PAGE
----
The scores junior golfers post make most weekend hackers shake their heads.
The younger players post scores in the mid-70s and walk off the course disappointed and headed back to the range to find their game.
Meanwhile, the regular golfer would give anything to make the game look so easy.
In reality, the junior golfers, like Desert Vista incoming seniors Randy Ross and Colton Estevez, get just as frustrated and insecure about their games,
They may step up to the first tee looking the part, with all the top golf equipment and apparel like a pro, but all it takes is one errant shot to turn the cocky stride up a fairway into a hanging-head shuffle.
“Confidence is pretty much everything,” Ross said after the third round of the PING Phoenix Junior at Arizona State’s Karsten Golf Course on Thursday.
“Having a bad memory in golf is important because you have to forget about a bad tournament like this because there is always another round coming up.”
Ross finished sixth and fifth at the state tournament for the Thunder the last two years and finished second at an American Junior Golf Association event in Tucson recently.
He’s an accomplished golfer and started the Phoenix Junior with a 1-under 69, but was unable to sustain that level of play to finish tied for 22nd with a 69-74-76—219, which was 14 strokes behind tournament winner Jens Verhey of Reno.
Ross, who has been contacted by some Division I programs, had to refocus quickly as his next event was Saturday and Sunday at Aguila Golf Course in Laveen for the Doral-Publix Junior qualifier.
“I have a simple brain,” he said with a laugh. “It lets me move on to the next shot, next tournament easier.”
His teammate at Desert Vista isn’t built that way.
Estevez lets a bad shot or a poor performance linger a little longer.
That’s why despite finishing 10 shots behind Ross, Estevez felt pretty good walking off his final green at Karsten.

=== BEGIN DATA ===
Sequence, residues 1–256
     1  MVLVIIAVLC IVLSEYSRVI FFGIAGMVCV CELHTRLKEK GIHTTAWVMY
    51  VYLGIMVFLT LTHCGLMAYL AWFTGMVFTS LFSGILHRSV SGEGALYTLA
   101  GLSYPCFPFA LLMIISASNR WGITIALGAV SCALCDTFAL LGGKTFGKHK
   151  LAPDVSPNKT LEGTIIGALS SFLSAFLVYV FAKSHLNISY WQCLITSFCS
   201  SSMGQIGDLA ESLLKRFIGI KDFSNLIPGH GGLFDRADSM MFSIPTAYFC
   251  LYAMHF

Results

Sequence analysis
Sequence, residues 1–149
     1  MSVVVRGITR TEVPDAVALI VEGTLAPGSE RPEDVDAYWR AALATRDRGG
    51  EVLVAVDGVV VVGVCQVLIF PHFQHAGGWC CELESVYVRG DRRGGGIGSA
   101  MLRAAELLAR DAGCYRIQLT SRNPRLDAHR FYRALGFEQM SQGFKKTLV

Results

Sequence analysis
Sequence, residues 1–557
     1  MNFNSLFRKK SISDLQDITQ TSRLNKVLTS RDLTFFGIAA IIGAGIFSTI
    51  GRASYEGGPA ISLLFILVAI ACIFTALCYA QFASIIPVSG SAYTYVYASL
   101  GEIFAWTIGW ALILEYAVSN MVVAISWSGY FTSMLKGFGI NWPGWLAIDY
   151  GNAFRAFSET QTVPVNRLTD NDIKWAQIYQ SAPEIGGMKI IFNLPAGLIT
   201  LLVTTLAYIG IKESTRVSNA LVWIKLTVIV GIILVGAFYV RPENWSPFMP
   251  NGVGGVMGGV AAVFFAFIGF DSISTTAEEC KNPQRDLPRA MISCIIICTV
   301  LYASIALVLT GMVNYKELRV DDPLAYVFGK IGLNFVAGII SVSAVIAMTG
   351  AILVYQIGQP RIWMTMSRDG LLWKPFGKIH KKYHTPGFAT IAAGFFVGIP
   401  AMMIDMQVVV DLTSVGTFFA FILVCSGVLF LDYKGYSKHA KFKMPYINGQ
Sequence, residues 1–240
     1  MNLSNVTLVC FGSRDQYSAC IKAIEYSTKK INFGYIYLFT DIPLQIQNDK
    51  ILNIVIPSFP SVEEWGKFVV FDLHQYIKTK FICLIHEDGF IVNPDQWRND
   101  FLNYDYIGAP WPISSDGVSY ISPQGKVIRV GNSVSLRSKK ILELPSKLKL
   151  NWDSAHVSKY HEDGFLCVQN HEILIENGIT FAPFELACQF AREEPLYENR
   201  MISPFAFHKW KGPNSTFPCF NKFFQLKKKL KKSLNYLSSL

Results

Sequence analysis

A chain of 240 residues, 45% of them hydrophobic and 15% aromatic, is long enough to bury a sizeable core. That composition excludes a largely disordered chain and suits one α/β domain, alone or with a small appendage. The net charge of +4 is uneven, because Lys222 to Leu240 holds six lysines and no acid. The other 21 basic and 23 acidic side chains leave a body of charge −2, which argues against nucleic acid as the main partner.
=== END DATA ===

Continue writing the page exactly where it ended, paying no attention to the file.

Estevez opened with a poor round of 13-over 83 on the 6,858-yard course, but finished with a 72-74 because he corrected a flaw in his approach after the first round.
“It’s all about attitude and learning to love it out here,” he said. “The last couple of tournaments and the first day at this one I didn’t have a good attitude. I didn’t give up and I was happy about it.”
The mental side of it is something Estevez, who has had initial talks with Grand Canyon University, has focused on since the end of his sophomore year and even has a mental coach — Dr. Jason Kobler at Life Inline in Ahwatukee — to help him get through the rough times.
“The good thing is I caught myself doing it (after Tuesday’s first round) and made the right changes,” he said. “It’s all about self awareness. I’ve learned a lot about myself. I told myself if I wasn’t going to have a good attitude then why play the game? I’ve been working real hard at it.”
Estevez’s new approach in round two was backed by three straight birdies that reinforced the idea that you have to maintain a positive approach in an individual sport like golf, otherwise doubt could settle in and ruin a round.
“The last two days showed I am heading in the right direction,” Estevez said. “I’m out here working as hard as I can. We’ve been talking about accepting a bad shot. You know you are going to do it, accept it and move forward.”
It just goes to show how difficult the game is despite their envious scores.
“A few blow up holes out here (on the AJGA summer tour) and you are done,” Ross said. “Every shot has to be on point, and when it isn’t you have to forget it by the next shot.”
The Thunder will head into the fall dealing with another kind of mental hurdle as Estevez, Ross and defending individual champion Matt Liringis try to get Desert Vista over the hump.
The program has finished as state runner up four straight years and have the talent back to be among the favorites again in 2013.
“We know we basically have one more chance at it,” Ross said. “We are all out there working on our game to make sure we are ready when the time comes.”
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